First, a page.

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What medical benefits can I receive with workers’ compensation?

Alaska workers who are injured on the job or suffer an illness or condition from the work they do will need to understand workers’ compensation benefits. Wage coverage is a frequent topic of discussion. Having legal advice may be vital to be correctly categorized based on the disability and its expected duration. There are, however, other areas of workers’ compensation that people may want to consider. One is the medical benefits a worker is supposed to receive.

After a worker gets injured, the workers’ compensation insurer is required to pay for medical care for up to two years. The Alaska Workers’ Compensation Board (also called the “Board”) will determine, on a case-by-case basis, if payments should continue after those two years have run out. In general, the insurer will pay for medical care for more than two years if it is necessary for an adequate recovery. Still, it is crucial to understand the critical points about medical benefits.

These include:

  • Selecting doctors
  • Reports from the doctor about the injury and treatment
  • The obligation that the insurer must pay
  • The treatment and its frequency
  • Transportation
  • Subsequent medical examinations

The worker can choose any doctor if he or she is licensed. That includes chiropractors and osteopaths – medical categories that are often in dispute as to the necessity and viability. The worker can change the treating doctor once, but they must notify the insurer beforehand. Going to see a specialist does not qualify as a change in doctor. When seeking to make a second change to the primary caregiver, there must be written authorization from the insurer. The doctor must prepare a report to be given to the insurer and the Board. To receive payments, the doctor must state on the form that the person cannot work.

The insurer is obligated to pay for medical care. For workers who pay out of pocket, it is imperative to retain receipts so reimbursement can occur. The insurer must pay the bill within 30 days. In some cases, workers may want more frequent treatment. However, there is a limitation on how often a person can get the same treatment and the insurer’s willingness to pay for it. For example, if it goes beyond three times a week in the first month of treatment, the insurer might not be obligated to pay. Doctors who prescribe more treatment must inform the insurer in writing and it must get done within the first two weeks of first treating the worker.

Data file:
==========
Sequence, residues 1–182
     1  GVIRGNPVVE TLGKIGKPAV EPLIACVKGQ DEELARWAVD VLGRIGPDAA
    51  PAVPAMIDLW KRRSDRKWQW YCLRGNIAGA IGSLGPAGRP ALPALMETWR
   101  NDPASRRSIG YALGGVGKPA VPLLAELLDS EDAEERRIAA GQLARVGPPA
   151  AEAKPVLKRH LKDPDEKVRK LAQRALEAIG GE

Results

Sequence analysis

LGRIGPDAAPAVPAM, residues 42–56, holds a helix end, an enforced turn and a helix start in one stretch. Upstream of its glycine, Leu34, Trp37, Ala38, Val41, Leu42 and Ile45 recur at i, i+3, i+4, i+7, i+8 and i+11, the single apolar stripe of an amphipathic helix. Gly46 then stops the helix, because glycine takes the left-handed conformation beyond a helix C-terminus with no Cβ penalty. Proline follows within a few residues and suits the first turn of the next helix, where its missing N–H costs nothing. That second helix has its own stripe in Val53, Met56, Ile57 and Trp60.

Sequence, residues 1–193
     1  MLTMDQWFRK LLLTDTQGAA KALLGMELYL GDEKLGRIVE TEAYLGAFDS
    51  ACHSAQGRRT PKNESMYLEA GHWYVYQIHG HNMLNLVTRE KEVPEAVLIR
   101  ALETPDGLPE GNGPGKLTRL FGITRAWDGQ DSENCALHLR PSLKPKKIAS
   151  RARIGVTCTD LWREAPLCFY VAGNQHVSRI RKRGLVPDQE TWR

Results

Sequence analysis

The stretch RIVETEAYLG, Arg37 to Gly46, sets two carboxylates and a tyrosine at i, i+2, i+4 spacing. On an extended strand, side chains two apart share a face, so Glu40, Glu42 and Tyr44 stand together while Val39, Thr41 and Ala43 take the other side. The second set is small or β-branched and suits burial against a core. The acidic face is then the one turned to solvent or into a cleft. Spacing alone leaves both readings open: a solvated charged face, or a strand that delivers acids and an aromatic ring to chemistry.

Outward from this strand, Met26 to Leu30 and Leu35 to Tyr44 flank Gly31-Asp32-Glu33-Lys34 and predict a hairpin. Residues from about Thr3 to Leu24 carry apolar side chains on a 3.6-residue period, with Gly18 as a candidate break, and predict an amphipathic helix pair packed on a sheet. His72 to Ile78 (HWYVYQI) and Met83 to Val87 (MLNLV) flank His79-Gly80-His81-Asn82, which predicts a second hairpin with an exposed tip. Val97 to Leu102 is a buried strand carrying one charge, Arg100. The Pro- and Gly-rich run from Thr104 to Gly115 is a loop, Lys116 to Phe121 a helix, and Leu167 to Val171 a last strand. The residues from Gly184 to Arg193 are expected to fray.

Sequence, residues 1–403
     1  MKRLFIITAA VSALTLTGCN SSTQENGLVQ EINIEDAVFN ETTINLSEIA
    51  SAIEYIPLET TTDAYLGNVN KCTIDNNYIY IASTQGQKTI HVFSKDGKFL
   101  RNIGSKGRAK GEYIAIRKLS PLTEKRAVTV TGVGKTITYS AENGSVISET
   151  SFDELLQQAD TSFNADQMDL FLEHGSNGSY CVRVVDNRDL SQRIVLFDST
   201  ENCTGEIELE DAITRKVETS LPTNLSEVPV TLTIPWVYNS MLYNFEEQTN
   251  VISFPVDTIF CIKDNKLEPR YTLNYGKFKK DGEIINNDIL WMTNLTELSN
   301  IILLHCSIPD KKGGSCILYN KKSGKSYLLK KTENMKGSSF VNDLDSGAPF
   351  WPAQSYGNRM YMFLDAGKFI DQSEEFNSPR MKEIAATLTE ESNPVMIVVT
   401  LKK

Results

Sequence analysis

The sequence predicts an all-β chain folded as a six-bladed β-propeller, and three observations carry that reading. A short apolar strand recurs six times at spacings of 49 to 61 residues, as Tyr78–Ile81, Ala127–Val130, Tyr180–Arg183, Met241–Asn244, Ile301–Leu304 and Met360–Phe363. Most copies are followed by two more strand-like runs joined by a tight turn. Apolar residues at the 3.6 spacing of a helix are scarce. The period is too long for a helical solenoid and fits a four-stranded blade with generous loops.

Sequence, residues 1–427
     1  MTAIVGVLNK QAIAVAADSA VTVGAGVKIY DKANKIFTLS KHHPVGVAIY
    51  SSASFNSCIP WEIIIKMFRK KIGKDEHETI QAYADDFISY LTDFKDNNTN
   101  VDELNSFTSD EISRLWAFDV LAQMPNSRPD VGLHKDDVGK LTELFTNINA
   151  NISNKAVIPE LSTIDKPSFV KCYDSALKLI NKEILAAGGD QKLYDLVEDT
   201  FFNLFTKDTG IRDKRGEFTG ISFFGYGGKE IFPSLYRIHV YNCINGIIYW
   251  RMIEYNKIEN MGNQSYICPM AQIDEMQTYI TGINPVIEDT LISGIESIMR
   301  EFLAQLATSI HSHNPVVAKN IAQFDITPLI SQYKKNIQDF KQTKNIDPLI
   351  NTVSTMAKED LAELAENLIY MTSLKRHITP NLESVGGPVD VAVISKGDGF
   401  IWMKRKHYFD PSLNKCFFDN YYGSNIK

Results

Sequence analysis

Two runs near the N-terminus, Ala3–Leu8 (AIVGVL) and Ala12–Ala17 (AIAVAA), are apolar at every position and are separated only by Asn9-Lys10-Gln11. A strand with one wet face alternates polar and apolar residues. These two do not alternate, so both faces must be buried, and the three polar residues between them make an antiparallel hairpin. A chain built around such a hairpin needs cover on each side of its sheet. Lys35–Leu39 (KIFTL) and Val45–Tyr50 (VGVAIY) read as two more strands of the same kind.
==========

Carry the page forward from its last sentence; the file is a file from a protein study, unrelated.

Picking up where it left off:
The insurer must pay for transportation to take the worker to the closest medical care facility. The worker must take a reasonably priced transporter. The insurer can ask for a medical examination to gauge the injured worker’s progress. This can get done within approximately two months. The insurer will select the doctor to conduct the examination. The worker will get notified within ten days of the examination. The Board can also request an investigation if there is a discrepancy between the doctor’s assessment and the insurer’s as to the injured worker’s condition. This can help settle various disputes.

Workers who become injured on the job will think about how they will make ends meet, what kind of work they can do after the injury, and how they will receive treatment to return to full health. Financial concerns can be quite common, but medical care is also an integral part of workers’ compensation benefits. Professional, experienced legal assistance can be a critical factor in maximizing all workers’ compensation benefits. Some injuries like broken bones, cuts and bruises are relatively easy to assess. Others like back injuries, soft tissue injuries and emotional trauma are not. Before worrying unnecessarily or making a mistake in the process, contacting a firm that understands all aspects of workers’ compensation may be essential.